I think it’s less a problem of needing to conform than one of needing to learn to control one’s behavior to the point where it can be appropriate to the situation. When I’m at home, or among loved ones in an environment where I can indulge my quirks, I can be as goofy as I really am. I can’t be that way in the office where I work – not because I have to conform (although you could put it that way if you like) but because that’s my workplace and I’m there to do my work, not to put my somewhat odd personality on display. If I hadn’t learned (with a LOT of help) to control those oddities and bring them out in the appropriate places, I would be severely handicapped in being able to generate an income and in many social situations as well. I believe that people who refuse to notice how the world actually is, and encourage their children to “let it all hang out” in every situation, are doing them a serious disservice. Unless they can remain somewhat insulated by having a career in the arts, they’re in for a horrible shock. They’ll discover as adults that they’ve been duped, and that the complete acceptance they experienced as children isn’t the norm – and they’ll have no skills with which to begin rebuilding themselves as a person who can function in a world where most of us don’t show most of what we are most of the time. I don’t think it’s necessarily a bad thing that every situation doesn’t present us with yet another opportunity to show and tell everything about ourselves. In fact, I’d say that encouraging children to be themselves in total, all the time, without regard for the situation, is teaching them to be socially clueless narcissists. There's a world of difference between choosing to be completely yourself in places where it's safe and appropriate, and being completely yourself everywhere because you can't help it, having not been taught or helped to control your impulses.

ex-new yorker said...

My husband and I are often aghast/bewildered/? at feeling like relatively authoritarian ("authoritative" is the better word) parents compared to many others we encounter. I really try not to be "judgy," especially because my kids (esp. the autistic one and the, well, just turned 4-year-old) *do* put me in a position where my parenting be what I would consider incorrectly and unfairly judged. But at ballet, for example. OK, no one, including the teacher, expects perfect compliance from a group of 2-and-3-year-olds (which is why every child needed her own adult to accompany them). But not only did the teacher have to visibly marshal her patience to ask parents politely to get their children who were running up during other children's turn at an activity, I witnessed a parent stopping to take video on her phone of her child doing her own thing in the middle of the room when we all had instructions to (try to) follow. There was no sign other than that she thought it was darling, not like she was filming it to discuss with her child's special needs behavioral consultant or anything. This type of thing seems so pervasive. The parents aren't nearly all people who come off as themselves narcissistic or rude, but their expectations of their kids kind of do.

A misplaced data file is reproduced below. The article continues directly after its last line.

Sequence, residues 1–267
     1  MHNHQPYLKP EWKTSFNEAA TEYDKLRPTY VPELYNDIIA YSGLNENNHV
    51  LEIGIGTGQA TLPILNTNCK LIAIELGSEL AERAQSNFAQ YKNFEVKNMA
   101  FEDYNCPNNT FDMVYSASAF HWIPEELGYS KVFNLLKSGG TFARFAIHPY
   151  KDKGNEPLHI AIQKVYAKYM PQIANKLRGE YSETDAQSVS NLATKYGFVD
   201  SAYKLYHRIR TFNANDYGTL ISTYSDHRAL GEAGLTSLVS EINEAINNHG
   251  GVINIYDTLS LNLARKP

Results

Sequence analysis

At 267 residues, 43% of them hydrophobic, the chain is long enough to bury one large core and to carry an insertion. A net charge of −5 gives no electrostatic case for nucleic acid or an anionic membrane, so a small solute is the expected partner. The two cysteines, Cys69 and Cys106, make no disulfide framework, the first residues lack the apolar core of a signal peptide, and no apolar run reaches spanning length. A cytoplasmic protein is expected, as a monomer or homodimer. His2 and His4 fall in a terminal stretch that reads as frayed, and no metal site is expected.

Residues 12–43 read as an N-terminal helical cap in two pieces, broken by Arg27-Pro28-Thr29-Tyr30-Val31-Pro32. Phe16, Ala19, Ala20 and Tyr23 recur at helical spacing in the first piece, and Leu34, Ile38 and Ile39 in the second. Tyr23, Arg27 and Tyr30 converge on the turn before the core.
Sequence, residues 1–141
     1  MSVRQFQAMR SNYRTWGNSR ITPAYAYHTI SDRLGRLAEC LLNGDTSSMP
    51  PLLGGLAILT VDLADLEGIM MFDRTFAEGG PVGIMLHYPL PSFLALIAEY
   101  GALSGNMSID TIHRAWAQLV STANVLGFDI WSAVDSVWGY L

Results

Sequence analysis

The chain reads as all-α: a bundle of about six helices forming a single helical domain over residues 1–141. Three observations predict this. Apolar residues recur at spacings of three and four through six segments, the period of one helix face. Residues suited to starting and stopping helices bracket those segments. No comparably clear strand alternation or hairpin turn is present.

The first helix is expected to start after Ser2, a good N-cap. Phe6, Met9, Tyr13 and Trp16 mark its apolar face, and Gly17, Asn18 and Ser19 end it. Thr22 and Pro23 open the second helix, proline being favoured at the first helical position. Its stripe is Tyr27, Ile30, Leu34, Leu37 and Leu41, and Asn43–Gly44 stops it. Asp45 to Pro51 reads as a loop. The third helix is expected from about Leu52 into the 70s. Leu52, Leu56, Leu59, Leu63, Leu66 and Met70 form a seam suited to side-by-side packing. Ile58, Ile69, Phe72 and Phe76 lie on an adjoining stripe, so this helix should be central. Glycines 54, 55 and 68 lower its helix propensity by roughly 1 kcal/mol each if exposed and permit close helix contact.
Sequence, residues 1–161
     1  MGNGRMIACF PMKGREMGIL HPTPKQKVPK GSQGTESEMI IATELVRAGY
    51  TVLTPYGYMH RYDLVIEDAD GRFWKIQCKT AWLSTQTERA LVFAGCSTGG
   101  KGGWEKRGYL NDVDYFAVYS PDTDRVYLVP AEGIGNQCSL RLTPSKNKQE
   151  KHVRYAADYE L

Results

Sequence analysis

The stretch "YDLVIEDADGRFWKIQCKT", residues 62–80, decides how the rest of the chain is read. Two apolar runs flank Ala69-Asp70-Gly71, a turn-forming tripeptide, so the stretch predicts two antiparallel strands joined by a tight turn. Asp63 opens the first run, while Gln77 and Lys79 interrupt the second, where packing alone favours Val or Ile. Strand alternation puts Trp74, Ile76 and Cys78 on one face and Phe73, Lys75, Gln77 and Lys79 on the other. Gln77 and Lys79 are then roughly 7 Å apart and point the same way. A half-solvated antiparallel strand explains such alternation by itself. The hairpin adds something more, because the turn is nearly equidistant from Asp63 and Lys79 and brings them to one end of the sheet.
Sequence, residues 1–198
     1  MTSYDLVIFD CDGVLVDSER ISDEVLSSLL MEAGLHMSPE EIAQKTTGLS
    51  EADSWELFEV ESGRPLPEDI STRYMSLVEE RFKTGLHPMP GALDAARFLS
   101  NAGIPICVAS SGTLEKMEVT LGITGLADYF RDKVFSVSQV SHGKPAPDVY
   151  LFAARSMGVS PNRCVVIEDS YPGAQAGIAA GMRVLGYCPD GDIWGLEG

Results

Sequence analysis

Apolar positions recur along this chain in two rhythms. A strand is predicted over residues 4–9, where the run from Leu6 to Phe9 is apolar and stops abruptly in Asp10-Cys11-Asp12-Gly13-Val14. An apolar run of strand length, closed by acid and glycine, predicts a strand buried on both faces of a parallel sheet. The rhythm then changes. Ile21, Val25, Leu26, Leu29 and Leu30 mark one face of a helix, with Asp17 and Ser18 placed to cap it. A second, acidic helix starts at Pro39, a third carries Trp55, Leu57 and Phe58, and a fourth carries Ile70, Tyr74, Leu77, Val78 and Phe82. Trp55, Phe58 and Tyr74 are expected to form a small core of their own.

Pentimento said...

Anonymous, thanks for your comment. I completely agree. When my as-yet-undiagnosed Aspie was a baby, I hung with a crunchy/AP group in Manhattan. On the one hand, I wished that I could "do" their parenting style, but later on I started to find it ridiculous and left the group. Now I'm sure I come off as the rigid, authoritarian parent, but no one who hasn't managed the behavior of an autistic child couldn't possibly understand.

I wonder if perhaps the crunchy, "unconditional parenting" ways of my old cohort DO work for their kids. Everyone I know who has tried to use them has failed in some measure, and, coincidentally or not, their kids have turned out to be neuro-atypical, or the mothers themselves are. Perhaps that kind of parenting actually does work for NTs, but I find it dubious somehow.

ex-new yorker said...

I wonder if perhaps the crunchy, "unconditional parenting" ways of my old cohort DO work for their kids.

Depends on the meaning of "work." For me it would mean lead to more virtuous children (filled with charity, humility, and the like, not just trained obedience to parental commands). Not that I know much about whether they really work for anyone, regardless of definition. I'll find another family/set of parents to idealize on occasion, but at least as long as I continue to be able to idealize them, I don't usually get to know them well enough to be sure how they got their kids to be the way they are.

And some of the personality has got to be hard-wired, and/or the reasons they turn out the way do too complex to figure out exactly.